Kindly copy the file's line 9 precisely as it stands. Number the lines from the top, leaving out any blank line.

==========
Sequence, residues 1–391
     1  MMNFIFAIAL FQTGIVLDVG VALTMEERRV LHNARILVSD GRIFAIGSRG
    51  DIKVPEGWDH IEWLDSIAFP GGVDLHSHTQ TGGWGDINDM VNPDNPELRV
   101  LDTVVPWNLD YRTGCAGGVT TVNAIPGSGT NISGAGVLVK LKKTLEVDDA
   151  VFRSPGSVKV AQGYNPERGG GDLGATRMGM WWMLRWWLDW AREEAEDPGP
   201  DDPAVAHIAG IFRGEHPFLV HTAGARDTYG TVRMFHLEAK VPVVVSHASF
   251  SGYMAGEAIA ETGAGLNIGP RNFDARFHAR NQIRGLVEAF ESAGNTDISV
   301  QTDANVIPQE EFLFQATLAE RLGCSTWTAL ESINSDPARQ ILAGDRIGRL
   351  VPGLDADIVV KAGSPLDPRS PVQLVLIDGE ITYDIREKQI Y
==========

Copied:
   351  VPGLDADIVV KAGSPLDPRS PVQLVLIDGE ITYDIREKQI Y